Juicing up on fresh sounds that promise exciting 2020 at Ironworks gig with K.I.A.N, Casanova and Citrus Scene
IT’S hard to think of a gig by young acts in recent times that’s shown more promise from all of them for 2020 than Friday’s Ironworks showcase – or a gig that also just slapped you quite so hard in the face with the power of its good times.
OK, none of the three line-ups was completely new to the art of planning the perfect gig, all have been working away on their music for a while – and that sung out.
But for first-on hip hop soloist K.I.A.N – also playing his first gig – there was a delicious sense of watching a performer stretching into fully-formed life in front of you.
His tracks are sophisticated-sounding fusions between recorded musical backdrops that zing with variety – piano here, chiming guitar note there – behind words that kick it and certainly connected with the crowd at this gig.
Mostly pacing the stage, occasionally grabbing at his head like a worried man, It wasn’t until we got to It’s Bliss – the reprise – that the full stretch of K.I.A.N’s onstage presence truly found its power.
But that’s more than OK for a first gig …
Alt-rockers Casanova's lead singer Josh Sutherland is a mesmerising presence at the heart of the band. He came across as a fully-formed rock god in leopard-skin top – who can strut, shoogle, shimmy and leap into the pit to woo the crowd some more, while the lead guitar and bass – in perfect contrast – remain still, a foil to his manic energy.
Recorded track Grace came across as one of the most convincing live. But it was an inspired and courageous decision to go with a cover for your big finish, leave-'em-wanting-more moment. To make it a gorgeously individual cover of The Smiths' This Charming Man – they had me at "Punctured bicycle".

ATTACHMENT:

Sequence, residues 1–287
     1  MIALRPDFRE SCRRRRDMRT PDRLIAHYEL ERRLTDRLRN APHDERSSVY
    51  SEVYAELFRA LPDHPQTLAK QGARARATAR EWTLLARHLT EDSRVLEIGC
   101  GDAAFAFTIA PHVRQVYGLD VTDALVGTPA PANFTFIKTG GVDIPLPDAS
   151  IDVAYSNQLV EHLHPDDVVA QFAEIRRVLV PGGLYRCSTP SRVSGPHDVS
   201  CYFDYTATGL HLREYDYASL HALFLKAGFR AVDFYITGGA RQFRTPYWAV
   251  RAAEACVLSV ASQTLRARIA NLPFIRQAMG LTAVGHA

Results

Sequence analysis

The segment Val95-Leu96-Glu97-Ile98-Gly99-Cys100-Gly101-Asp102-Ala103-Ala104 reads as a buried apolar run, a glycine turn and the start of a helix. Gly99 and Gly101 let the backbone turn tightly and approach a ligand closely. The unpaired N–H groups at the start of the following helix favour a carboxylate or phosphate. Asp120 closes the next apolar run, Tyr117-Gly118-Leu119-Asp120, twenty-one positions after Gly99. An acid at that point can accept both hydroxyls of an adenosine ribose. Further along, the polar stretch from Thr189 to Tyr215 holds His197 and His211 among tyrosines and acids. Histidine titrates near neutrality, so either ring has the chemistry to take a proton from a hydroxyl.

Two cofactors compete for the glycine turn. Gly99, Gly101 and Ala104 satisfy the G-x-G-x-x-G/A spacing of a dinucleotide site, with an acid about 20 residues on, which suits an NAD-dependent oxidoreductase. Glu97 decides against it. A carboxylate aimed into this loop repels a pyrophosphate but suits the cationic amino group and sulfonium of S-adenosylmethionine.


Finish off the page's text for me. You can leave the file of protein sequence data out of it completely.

Citrus Scene’s set was super-savvy – first song in, Shotgun was a new one that got their crowd nicely set alight, so the energy coming back at them onstage must have been fearsome from the off. And with a mix of eclectic covers pumped in between the original songs – Arctic Monkeys, Franz Ferdinand, Alt-J – there was breathing space for us in the crowd to draw a map between the influences of where they had come from musically and the place they wanted their own songs to take us – and them.
There’s a huge sense of ambition with Citrus Scene and an almost precocious understanding of exactly what a band needs to do to be exciting to watch and make a stage sizzle with anticipation of what the hell they might do next.
Before they even played a note, the glitter power of lead guitarist Fin Bradshaw’s Best Jacket In Rock bomber caught the eye as they hustled onstage. Visually, they’ve got lots of moves.
Lead singer Aidan Ryles lives the music, his arm kicking up to the sky with punchy authority, while with lead guitarist Fin, the two play out a tag-team choreography, facing off on guitar in one of their billed new songs, and the two performed Alt-J cover Breeze Blocks alone, Fin swapping guitar for drums –#impressivemusicianship.
Best song? Hard to choose, but How To Get Away With Murder is polished and lyrically switched on to the crumbling world around us. But finisher and first single Come Back To Me saw the band ignite as the crowd – 400, according to K.I.A.N, earlier in the night – lived up to their orders from Fin – “Time to lose it!”.